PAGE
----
If a dormant company begins trading or has significant accounting transactions, it will no longer be exempt from audit as a dormant company. In such cases, the company may have to submit full accounts for the financial year in which it ceased to be exempt.


Exemption for Dormant Subsidiary Companies

A dormant subsidiary company may not have to file annual accounts at Companies House under certain conditions. This includes being dormant throughout the financial year and having its parent company established under UK law. If the exemption is claimed, it’s not necessary to prepare or send annual accounts to Companies House​.


Requirements for Exempt Dormant Subsidiaries

If a parent company files a package of supporting documents for its subsidiaries, it must include:

  • A written notice of agreement by the subsidiary’s members.

  • A statement of guarantee from the parent company (form AA06).

  • A copy of the parent company’s consolidated accounts.

This package must be delivered to Companies House before the subsidiary’s accounts due date​​​.


Claiming Audit Exemption for Subsidiaries

Under certain circumstances, a subsidiary may claim exemption from audit if its parent is established under UK law. This requires delivering to Companies House a written notice of member agreement, a completed form AA06, and a copy of the parent company’s consolidated accounts.


In summary, the process of filing annual accounts for a dormant company in the UK, particularly using the AA02 form, requires adherence to specific regulations and deadlines. The accounts must reflect the company's dormant status, and certain exemptions can be claimed under specific conditions. It's essential for companies to comply with these requirements to avoid penalties and ensure legal compliance. The next part of this article will delve into advanced considerations and practical tips for efficiently managing this process.


How Do I Fill an AA02 For a Dormant Company?

Filing an AA02 form for a dormant company helps Companies House to keep its records up to date and accurate. It also helps to ensure that the company is not subject to penalties for failing to file an annual return or annual accounts.

To fill out an AA02 for a dormant company, follow these steps:


  1. Download the AA02 form from the Companies House website.

  2. Complete the company details section, including the company name, registration number, and registered office address.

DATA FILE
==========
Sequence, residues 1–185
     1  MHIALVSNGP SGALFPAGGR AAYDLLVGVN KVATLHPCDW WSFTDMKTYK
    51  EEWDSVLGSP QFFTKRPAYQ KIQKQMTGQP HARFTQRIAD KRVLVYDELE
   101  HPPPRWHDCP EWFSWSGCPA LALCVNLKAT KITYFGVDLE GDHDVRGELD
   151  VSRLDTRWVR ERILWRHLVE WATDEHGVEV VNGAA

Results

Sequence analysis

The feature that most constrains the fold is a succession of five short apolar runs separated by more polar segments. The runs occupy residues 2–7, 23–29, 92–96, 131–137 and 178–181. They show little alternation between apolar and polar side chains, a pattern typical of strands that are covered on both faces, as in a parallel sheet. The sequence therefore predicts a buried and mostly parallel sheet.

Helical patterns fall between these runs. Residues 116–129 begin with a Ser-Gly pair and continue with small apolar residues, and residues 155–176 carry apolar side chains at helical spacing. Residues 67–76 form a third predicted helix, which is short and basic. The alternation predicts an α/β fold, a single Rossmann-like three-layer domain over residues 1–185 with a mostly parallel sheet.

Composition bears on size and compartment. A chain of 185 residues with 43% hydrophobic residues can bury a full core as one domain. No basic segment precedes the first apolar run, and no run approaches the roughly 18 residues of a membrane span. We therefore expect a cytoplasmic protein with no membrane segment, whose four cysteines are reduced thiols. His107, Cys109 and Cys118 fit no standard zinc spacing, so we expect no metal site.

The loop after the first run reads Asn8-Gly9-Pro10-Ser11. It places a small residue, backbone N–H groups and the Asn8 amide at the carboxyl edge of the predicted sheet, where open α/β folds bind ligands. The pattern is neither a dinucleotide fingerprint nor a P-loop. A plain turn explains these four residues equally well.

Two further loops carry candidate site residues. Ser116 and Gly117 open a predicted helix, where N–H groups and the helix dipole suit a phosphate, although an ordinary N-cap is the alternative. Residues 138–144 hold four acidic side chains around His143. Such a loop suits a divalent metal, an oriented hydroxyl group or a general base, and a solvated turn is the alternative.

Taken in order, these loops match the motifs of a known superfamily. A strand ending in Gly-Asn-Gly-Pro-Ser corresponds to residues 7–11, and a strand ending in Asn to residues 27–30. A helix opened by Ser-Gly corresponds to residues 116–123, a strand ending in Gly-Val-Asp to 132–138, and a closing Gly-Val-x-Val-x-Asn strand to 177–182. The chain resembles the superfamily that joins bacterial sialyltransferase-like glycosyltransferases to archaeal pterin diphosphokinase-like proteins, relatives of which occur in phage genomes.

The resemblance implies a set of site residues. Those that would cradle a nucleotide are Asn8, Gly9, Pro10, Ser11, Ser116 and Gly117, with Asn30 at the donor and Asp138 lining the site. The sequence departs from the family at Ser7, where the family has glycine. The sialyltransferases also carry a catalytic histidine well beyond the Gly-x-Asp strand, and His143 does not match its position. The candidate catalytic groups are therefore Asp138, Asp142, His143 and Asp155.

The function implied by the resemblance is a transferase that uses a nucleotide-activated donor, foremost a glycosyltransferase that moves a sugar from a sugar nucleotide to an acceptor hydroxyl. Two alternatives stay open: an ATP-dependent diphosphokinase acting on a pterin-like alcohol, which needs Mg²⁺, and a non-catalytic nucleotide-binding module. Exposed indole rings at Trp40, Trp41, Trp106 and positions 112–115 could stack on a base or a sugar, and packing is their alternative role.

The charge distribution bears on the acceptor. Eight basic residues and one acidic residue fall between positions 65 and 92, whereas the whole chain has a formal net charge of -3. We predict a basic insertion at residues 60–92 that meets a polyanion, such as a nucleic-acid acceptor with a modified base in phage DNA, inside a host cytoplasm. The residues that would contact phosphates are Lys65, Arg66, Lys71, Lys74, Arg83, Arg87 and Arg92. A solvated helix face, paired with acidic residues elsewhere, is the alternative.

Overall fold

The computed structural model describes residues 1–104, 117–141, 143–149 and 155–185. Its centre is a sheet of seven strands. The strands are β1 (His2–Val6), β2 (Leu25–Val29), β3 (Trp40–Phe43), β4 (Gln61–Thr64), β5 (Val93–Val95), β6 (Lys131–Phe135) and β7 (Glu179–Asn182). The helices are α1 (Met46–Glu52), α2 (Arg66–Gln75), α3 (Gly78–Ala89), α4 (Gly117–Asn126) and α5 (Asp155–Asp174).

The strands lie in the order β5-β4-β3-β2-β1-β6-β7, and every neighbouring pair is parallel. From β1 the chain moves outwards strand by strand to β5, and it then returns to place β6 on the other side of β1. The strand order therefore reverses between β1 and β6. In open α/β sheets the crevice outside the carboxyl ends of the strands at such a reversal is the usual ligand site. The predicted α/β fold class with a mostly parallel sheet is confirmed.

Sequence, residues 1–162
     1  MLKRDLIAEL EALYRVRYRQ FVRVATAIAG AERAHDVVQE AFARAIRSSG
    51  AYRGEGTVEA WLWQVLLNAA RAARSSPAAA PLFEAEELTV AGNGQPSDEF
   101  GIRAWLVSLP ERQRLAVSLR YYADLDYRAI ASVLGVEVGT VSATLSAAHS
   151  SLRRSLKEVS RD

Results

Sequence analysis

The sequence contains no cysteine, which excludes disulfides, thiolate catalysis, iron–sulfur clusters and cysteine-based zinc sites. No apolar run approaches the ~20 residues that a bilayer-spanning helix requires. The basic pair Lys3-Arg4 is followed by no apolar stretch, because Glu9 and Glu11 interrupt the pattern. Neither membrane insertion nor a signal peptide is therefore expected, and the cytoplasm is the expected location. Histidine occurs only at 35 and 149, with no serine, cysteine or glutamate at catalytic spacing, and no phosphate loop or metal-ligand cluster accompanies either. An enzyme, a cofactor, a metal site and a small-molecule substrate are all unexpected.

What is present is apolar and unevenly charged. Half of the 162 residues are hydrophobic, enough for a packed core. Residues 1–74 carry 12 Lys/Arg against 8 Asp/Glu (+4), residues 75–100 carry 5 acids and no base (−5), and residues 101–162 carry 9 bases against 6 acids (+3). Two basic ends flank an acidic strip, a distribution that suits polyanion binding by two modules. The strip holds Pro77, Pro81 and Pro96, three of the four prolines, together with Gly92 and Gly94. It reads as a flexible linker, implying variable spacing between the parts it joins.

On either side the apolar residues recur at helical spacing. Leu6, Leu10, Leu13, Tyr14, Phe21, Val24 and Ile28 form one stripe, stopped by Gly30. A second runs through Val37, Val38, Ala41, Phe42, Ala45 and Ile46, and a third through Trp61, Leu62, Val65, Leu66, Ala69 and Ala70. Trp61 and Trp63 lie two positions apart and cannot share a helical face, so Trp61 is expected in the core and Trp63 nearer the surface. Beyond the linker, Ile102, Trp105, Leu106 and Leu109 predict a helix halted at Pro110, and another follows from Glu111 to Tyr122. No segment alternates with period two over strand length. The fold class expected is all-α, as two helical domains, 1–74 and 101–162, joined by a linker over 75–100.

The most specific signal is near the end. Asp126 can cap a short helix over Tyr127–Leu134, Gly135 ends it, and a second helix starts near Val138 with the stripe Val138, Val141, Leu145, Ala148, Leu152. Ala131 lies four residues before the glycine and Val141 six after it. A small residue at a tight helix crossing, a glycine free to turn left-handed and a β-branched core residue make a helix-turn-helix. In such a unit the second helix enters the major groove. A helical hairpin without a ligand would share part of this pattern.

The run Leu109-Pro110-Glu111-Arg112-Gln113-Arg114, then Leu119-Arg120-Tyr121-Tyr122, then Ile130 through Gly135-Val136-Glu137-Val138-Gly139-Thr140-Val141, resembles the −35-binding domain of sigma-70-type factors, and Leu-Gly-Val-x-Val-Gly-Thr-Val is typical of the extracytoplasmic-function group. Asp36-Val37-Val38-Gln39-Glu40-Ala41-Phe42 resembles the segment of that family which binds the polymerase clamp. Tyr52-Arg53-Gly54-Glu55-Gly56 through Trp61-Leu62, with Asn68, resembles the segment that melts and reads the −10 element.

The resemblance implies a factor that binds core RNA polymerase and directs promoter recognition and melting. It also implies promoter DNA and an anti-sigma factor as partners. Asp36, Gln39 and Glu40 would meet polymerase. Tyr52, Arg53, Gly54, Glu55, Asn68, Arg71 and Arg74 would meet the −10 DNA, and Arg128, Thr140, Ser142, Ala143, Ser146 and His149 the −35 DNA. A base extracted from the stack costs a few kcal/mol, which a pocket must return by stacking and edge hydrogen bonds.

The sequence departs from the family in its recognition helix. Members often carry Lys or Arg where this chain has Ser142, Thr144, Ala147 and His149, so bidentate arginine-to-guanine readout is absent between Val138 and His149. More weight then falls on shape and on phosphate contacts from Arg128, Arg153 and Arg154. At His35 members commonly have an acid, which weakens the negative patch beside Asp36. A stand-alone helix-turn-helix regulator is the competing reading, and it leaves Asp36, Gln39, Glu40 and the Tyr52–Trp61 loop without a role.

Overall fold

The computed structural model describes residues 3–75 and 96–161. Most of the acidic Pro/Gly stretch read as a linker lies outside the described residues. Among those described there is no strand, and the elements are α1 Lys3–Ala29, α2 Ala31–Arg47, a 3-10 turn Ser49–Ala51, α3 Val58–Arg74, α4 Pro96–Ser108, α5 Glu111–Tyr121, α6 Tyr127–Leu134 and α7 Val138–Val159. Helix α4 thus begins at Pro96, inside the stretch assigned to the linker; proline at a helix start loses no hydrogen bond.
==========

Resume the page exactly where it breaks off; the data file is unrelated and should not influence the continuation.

3. Tick the box to confirm that the company is dormant and has not traded during the financial year.

  4. Complete the statement of the capital section, including the number and value of shares issued.

  5. Sign and date the form, and include the name and position of the person signing.

  6. Submit the form to Companies House by post or online.


It's important to note that although the AA02 form is a simplified version of the annual return, dormant companies are still required to file it with Companies House each year to avoid penalties and legal action.



How Do You Complete A Balance Sheet For A Dormant Company in the UK?

If you are completing a balance sheet for a dormant company in the UK, you will need to follow a few key steps. Here is a general guide on how to complete a balance sheet for a dormant company:


  1. Identify the company's assets: Even if a company is dormant, it may still have assets that need to be listed on the balance sheet. Common assets may include bank accounts, property, and equipment.

  2. List the assets: Once you have identified the company's assets, list them on the balance sheet. Assets should be listed in order of liquidity, with the most liquid assets (such as bank accounts) listed first.

  3. Determine the company's liabilities: If the company has any outstanding debts or obligations, these will need to be listed as liabilities on the balance sheet.

  4. List the liabilities: Once you have identified the company's liabilities, list them on the balance sheet. Liabilities should be listed in order of urgency, with the most urgent liabilities (such as unpaid taxes) listed first.

  5. Calculate the company's equity: The equity of a dormant company is typically the initial amount of money invested in the company by the shareholders. If the company has not issued any shares, then the equity may be listed as zero.

  6. List the equity: Once you have calculated the company's equity, list it on the balance sheet. The equity section should be listed at the bottom of the balance sheet, after the assets and liabilities.